Seeking workers’ compensation for the aggravation of a preexisting condition is not a straightforward process. As a result, understanding how these claims work is important for employees who find their medical conditions worsening due to employment-related challenges.
The primary challenge in these cases is proving that the work-related activity directly aggravated the preexisting condition. Unlike new injuries, where causation is often clear, proving the connection between work and the aggravation of an existing injury or illness can be a complex undertaking.
Why are these cases such a challenge?
A preexisting condition, in this context, refers to any medical issue an employee had before they sustained work-related harm. Theoretically, if a work-related activity exacerbates a preexisting condition, an affected employee is eligible for workers’ compensation. However, proving that work was to blame for the aggravation of the condition in question usually requires a lot of medical documentation and contextualizing so that insurance claims adjusters can’t blame other life activities for the aggravated symptoms.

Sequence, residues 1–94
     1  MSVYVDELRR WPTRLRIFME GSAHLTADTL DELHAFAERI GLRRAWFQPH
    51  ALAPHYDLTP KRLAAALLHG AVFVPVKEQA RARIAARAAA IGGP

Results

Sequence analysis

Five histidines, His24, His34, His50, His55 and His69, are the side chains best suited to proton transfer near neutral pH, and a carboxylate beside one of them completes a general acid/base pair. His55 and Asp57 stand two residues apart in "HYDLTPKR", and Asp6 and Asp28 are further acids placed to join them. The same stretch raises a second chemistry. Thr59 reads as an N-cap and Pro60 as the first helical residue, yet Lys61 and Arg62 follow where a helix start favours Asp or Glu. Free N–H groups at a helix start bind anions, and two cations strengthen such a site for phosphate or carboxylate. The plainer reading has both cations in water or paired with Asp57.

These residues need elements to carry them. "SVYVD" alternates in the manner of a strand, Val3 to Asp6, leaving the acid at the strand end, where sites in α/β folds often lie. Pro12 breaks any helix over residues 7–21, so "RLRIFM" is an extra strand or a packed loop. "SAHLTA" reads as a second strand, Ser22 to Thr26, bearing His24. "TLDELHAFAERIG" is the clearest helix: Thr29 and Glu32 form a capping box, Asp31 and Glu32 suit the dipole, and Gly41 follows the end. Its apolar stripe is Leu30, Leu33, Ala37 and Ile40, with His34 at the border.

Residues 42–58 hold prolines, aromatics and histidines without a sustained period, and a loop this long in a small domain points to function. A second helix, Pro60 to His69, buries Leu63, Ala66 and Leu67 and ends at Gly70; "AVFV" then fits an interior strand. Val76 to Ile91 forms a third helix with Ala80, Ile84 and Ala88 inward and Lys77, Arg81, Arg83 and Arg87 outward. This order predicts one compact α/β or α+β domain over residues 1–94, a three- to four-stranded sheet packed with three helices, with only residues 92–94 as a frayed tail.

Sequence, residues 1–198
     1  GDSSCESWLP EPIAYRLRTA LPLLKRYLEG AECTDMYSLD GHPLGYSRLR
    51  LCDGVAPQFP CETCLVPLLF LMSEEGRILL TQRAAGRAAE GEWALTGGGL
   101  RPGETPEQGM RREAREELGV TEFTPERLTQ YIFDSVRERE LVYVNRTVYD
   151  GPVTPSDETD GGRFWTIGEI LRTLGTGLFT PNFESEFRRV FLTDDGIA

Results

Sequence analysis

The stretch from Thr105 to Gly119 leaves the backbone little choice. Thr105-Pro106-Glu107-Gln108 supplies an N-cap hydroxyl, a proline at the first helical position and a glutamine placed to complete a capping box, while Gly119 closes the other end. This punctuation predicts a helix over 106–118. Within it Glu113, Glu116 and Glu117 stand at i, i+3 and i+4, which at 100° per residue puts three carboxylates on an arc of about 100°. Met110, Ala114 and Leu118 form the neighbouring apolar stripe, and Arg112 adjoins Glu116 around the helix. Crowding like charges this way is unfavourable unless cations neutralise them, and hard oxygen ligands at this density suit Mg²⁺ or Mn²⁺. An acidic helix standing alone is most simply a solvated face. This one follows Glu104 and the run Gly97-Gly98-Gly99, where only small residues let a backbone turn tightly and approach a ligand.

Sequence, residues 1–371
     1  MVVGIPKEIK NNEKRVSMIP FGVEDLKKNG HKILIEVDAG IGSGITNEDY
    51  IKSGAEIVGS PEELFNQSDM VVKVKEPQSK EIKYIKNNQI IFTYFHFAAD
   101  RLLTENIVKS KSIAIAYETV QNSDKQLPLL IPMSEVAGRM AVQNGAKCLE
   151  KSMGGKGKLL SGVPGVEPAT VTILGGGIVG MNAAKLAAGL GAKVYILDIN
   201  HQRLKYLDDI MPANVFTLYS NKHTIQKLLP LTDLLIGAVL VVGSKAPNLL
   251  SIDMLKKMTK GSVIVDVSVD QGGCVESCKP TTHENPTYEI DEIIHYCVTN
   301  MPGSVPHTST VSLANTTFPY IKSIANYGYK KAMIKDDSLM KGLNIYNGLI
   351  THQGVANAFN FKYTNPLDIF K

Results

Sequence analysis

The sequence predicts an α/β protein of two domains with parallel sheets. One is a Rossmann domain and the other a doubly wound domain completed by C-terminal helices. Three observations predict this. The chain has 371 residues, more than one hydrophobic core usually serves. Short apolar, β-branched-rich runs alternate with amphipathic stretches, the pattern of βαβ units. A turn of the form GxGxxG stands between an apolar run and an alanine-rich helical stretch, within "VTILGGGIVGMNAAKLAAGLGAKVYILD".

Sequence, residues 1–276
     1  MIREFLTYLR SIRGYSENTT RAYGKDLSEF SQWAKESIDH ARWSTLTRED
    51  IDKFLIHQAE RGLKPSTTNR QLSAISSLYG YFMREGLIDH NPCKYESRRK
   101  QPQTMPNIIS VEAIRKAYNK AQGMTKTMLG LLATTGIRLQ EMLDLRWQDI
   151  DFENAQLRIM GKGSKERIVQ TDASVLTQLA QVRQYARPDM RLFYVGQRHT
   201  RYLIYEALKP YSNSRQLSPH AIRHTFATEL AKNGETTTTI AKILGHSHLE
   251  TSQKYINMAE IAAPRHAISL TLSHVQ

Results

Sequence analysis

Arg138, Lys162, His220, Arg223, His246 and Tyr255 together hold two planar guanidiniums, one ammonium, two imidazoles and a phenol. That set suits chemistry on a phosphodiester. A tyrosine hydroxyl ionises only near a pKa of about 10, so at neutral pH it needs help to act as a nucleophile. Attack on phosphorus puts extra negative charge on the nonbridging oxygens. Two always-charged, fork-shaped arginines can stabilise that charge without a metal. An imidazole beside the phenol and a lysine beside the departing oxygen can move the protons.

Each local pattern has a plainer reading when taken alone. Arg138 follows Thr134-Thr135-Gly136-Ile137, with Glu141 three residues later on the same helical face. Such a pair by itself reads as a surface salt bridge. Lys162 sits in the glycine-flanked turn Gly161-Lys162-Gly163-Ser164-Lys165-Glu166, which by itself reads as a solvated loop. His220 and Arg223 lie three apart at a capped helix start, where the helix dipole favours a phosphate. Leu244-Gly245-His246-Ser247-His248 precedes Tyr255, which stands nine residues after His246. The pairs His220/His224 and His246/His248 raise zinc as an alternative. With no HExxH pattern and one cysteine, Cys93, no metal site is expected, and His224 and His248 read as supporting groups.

The cornerstone of such a claim is robust medical evidence. This usually involves medical records and expert testimony demonstrating that work activity significantly worsened an employee’s preexisting condition. It’s not enough to show that the condition exists; the change or escalation in symptoms due to work conditions must be clearly documented. If an employer was aware of the preexisting condition at the time of hiring or the condition is common knowledge, this can sometimes strengthen an employee’s claim but it is not necessary for a favorable outcome.
Ultimately, aggravation claims tend to be complex and challenging to resolve. However, by seeking legal guidance, affected employees can place themselves in the strongest possible position for their benefits claims to be approved.